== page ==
3

I am trying to make a script that will list all files and directories in a given directory. I want to make this script to call itself, in the end showing all files and directories. I know that you can easily do that with find, but I want to practice recursive scripts, and I don't know why my recursive given parameter is not what I was expecting, it's value doesn't change.

for source in `find $1 -maxdepth 1 -type d,f`
do
        if [ -f $source ]; then
                echo "`basename $source` is a file"
        fi
        if [ -d $source ]; then 
                echo "`basename $source` is a directory"
                . Script.sh $source
        fi
done
  • 1
    Add -mindepth 1 to your find. But follow DepressedDaniel's excellent advice – xhienne Mar 23 '17 at 0:32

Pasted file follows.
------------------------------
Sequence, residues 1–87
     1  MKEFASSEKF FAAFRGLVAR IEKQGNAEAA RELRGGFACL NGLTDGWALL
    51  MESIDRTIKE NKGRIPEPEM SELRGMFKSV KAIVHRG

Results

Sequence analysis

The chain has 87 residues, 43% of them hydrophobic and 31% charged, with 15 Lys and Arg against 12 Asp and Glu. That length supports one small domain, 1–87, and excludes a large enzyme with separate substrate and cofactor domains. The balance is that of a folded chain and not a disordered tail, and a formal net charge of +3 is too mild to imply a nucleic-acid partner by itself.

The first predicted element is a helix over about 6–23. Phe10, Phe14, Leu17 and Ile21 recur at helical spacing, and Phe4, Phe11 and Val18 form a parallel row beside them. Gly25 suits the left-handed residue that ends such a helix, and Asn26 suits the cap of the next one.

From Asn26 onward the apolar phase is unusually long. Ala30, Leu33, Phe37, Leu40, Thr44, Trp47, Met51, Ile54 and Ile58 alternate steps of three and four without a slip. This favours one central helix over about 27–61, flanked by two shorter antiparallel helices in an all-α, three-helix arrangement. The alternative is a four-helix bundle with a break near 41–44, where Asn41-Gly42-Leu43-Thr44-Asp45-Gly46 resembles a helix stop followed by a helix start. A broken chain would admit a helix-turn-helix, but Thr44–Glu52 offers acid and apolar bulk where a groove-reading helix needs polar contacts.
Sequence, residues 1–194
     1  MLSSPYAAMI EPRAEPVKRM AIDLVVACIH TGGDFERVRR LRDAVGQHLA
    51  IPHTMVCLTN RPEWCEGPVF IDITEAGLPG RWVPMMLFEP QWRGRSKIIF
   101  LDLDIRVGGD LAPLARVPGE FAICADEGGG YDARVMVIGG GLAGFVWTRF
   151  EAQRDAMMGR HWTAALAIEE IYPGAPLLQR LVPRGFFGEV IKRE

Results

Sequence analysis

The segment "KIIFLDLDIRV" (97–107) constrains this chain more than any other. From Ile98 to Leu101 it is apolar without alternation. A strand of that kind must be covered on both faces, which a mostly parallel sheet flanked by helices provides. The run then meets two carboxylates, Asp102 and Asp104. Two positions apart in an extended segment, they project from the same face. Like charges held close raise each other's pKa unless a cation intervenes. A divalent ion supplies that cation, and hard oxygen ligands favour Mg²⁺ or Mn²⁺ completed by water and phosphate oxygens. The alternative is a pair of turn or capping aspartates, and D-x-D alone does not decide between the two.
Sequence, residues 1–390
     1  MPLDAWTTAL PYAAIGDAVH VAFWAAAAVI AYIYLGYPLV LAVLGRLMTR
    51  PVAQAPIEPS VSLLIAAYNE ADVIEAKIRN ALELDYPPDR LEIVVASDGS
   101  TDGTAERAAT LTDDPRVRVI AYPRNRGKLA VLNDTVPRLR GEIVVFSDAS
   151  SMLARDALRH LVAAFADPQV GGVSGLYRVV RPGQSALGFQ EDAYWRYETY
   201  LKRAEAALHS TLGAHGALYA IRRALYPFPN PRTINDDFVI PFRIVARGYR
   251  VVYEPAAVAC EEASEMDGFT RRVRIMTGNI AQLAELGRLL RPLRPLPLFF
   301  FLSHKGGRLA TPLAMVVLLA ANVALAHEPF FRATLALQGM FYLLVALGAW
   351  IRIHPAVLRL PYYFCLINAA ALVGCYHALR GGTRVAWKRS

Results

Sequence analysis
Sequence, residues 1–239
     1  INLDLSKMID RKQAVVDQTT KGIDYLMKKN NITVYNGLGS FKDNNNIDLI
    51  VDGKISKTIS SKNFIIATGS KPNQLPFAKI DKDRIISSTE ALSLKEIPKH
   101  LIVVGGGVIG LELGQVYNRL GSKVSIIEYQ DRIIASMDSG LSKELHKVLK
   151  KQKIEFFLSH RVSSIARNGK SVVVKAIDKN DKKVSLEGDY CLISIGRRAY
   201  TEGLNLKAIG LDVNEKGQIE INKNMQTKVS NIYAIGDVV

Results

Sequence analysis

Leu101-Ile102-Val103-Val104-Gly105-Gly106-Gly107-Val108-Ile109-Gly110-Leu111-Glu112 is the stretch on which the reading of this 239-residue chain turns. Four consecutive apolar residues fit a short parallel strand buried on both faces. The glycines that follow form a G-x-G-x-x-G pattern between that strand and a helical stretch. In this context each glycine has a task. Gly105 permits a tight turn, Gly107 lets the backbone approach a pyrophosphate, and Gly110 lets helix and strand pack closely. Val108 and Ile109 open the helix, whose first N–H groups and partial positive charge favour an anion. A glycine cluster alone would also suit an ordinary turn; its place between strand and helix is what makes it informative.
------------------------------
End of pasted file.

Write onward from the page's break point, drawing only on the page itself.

3

The following line is the culprit:

. Script.sh $source

While you could conceivably do recursion that way, it makes it hard to reason about because the variables changed by the next level of recursion are changed in the caller as well. Probably you just want to invoke it without sourcing it:

Script.sh $source

Or, better yet:

"$0" "$source"

Reliably getting the source script in all cases is a bit tricky, though. Much better yet is to use functions to do recursion (in Bash):

function f()
{
   ...
   f different_args
   ...
}

And declare any variables used within f as local so they won't be mutated by the recursive call to f.

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